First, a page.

Since the birth of our republic, the United States has relied on diplomacy to solve many of our bi-lateral problems, and we have relied on diplomats to negotiate everything from human rights treaties to trade agreements. Despite this impressive two-centuries old experience, the American public still doesn't know what diplomats do or how they do it!
I was privileged to be one of those officers for 20 years. Since my retirement from the foreign service, I have volunteered my time (like many of my former colleagues), working on the International Visitors (IV) Program with the National Council on International Visitors and the U.S. State Department. During this time, I have been unpleasantly surprised to learn how little my fellow citizens know about how their diplomats live and work overseas.
Since it’s better to light a candle than curse the darkness, I decided to set up this site to help clear up some of the mystery of what diplomats actually do and use their own, first-person accounts to tell their stories. I'm hoping they will fill in a few of the blanks and show the ‘hidden work’ that these dedicated men and women have done and reveal the passion and dedication that so many of them have brought to their assignments. It is, after all, this dedication that has brought honor to our country and led to the formation of thousands of enduring relationships with people from all over the world.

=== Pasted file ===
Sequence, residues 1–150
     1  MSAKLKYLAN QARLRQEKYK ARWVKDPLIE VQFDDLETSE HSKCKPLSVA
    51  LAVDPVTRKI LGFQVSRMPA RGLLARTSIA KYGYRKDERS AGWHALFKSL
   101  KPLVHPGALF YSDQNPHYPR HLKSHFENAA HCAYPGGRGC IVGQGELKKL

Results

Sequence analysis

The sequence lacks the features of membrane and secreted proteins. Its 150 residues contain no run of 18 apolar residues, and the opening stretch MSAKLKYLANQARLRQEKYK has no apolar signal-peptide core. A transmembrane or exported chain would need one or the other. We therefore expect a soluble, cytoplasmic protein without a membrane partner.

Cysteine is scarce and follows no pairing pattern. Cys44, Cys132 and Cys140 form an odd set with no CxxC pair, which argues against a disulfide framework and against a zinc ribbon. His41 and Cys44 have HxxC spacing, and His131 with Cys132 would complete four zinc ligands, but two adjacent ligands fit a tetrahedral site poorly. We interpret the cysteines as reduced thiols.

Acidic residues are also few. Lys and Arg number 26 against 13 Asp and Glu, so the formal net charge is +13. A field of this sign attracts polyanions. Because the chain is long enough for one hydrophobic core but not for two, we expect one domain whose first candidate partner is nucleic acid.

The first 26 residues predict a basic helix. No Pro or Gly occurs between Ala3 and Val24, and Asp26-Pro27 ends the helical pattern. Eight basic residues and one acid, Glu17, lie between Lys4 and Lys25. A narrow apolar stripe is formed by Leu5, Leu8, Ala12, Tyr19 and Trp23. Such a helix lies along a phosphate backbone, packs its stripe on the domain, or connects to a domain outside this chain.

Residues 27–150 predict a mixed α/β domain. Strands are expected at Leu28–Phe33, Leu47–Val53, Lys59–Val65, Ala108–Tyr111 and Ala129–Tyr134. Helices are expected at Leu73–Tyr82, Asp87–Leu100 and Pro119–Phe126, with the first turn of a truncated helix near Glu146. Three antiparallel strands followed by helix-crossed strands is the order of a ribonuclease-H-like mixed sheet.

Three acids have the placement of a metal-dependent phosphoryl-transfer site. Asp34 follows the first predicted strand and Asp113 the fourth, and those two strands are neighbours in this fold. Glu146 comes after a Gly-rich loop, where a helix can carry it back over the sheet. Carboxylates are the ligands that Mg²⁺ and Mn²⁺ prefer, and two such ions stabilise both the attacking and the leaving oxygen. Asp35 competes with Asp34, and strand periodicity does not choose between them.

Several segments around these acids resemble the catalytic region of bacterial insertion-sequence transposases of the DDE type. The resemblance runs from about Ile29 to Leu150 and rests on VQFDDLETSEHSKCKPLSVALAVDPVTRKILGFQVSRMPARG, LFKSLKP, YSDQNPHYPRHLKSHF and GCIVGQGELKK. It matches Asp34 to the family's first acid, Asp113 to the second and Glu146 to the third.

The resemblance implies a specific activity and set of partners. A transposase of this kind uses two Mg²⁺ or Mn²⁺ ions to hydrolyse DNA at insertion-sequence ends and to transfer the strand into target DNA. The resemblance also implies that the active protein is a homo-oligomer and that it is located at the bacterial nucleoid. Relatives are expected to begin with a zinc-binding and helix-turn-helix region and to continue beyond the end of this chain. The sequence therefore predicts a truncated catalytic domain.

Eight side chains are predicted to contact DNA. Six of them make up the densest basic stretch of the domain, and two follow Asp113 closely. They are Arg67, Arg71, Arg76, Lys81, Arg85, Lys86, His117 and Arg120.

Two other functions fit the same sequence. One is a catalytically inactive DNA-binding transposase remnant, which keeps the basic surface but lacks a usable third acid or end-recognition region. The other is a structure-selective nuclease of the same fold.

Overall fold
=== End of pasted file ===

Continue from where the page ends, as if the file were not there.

If you are a retired foreign service officer from any of the U.S. foreign service agencies, a former Peace Corps volunteer or have worked in one of our overseas missions, I encourage you to contribute your stories, anecdotes or photos to these pages. If you’d like to be a part of our ‘address book,’ a password-protected place where you can list your contact info (and where your former colleagues can get in touch with you), I invite you to do so. Enjoy and use our site, and please send us your comments and suggestions on how we might improve it. Thanks for your service to our country.